This is what music for the deaf sounds like

Deaf from birth, Myles de Bastion has always been passionate about music despite the frustration it has sometimes involved in his life. In order to share music and make it fully live by the deaf, he has developed a system capable of translating sounds into animated and colored lights.

American-British in his thirties, Myles de Bastion was born deaf and despite a certain frustration vis-à-vis music, not being able to fully enjoy it in the moment like his musician friends, he is an audiophile and music represents his whole life. He then dedicated the latter to wanting to bring music and deafness closer together with a mission: to transcribe music into lights and colors to make it accessible to deaf and hard of hearing people.

A musician and computer software designer himself, Myles de Bastion has managed to develop a technology based on an LED lighting system that translates music. Thus, sounds, frequencies, voices and volumes are translated according to different lights that flash and change color.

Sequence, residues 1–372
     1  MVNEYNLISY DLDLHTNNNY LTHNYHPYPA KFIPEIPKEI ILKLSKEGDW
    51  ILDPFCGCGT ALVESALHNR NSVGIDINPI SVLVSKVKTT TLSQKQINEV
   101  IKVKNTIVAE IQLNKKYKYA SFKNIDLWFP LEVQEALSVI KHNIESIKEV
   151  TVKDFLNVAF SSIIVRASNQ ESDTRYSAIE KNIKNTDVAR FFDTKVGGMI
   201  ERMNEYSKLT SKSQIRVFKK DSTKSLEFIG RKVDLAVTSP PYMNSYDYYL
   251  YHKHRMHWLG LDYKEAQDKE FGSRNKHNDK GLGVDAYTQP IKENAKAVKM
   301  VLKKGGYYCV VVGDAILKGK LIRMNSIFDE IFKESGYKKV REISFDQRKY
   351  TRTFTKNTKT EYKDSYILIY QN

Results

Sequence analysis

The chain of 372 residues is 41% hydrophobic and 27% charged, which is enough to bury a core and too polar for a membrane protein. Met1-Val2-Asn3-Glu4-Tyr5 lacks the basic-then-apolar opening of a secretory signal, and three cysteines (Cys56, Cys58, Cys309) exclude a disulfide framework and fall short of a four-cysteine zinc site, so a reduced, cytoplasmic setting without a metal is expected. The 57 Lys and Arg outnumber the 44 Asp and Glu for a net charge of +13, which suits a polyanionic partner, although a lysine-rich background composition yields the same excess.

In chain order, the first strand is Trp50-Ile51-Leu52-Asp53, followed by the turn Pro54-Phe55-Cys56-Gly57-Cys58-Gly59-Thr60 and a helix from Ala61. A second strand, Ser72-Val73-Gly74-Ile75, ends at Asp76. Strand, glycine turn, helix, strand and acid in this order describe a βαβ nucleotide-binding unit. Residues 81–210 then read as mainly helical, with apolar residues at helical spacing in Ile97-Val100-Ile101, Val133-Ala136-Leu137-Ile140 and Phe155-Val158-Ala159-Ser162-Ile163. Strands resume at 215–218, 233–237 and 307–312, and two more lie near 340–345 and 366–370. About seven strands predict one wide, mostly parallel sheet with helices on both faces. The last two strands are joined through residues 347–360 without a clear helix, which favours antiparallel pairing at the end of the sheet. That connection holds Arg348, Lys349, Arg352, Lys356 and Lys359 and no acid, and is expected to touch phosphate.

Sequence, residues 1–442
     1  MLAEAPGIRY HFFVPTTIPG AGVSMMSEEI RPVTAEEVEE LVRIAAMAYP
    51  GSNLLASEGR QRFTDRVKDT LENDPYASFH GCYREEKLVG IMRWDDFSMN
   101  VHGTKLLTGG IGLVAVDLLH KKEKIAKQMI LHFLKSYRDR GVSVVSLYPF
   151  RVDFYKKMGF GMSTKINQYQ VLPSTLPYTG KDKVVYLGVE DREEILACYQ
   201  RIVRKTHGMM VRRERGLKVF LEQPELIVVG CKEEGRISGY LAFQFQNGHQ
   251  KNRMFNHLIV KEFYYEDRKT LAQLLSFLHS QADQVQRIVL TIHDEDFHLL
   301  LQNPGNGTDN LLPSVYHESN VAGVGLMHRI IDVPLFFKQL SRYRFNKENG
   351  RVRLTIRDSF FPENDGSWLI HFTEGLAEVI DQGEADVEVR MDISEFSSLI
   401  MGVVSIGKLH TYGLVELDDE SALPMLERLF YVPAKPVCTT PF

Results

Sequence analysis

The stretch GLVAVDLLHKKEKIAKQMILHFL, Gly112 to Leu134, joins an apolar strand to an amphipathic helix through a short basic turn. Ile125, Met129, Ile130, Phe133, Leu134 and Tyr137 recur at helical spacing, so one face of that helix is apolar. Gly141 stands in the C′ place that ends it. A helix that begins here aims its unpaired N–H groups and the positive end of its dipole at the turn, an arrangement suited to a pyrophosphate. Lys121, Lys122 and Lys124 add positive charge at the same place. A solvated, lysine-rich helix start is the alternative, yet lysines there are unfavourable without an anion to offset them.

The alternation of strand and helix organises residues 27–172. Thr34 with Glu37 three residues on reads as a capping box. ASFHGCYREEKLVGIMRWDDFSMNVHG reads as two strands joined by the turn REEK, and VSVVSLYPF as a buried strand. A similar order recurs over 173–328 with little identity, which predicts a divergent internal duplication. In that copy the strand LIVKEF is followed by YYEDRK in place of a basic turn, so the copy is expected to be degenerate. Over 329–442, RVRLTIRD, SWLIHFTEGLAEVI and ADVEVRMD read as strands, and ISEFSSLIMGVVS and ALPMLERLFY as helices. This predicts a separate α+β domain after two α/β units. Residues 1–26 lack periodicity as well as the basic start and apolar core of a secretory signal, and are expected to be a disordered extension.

With this technology, he founded CymaSpace, in order to allow all deaf and hard of hearing people to access music at the same time as those who listen to it fully and live it. He brings this concept and introduces it to many music festivals with some success, and this allows deaf and hearing people to experience musical communication together, but also to discover new things about each other.  » For me, the best reward is when I see a deaf person and a hearing person sharing a musical moment of life. Where previously they might not necessarily have attempted to interact, now they share a meaningful experience. They learn something from each other says Myles from Bastion in the video below, published by


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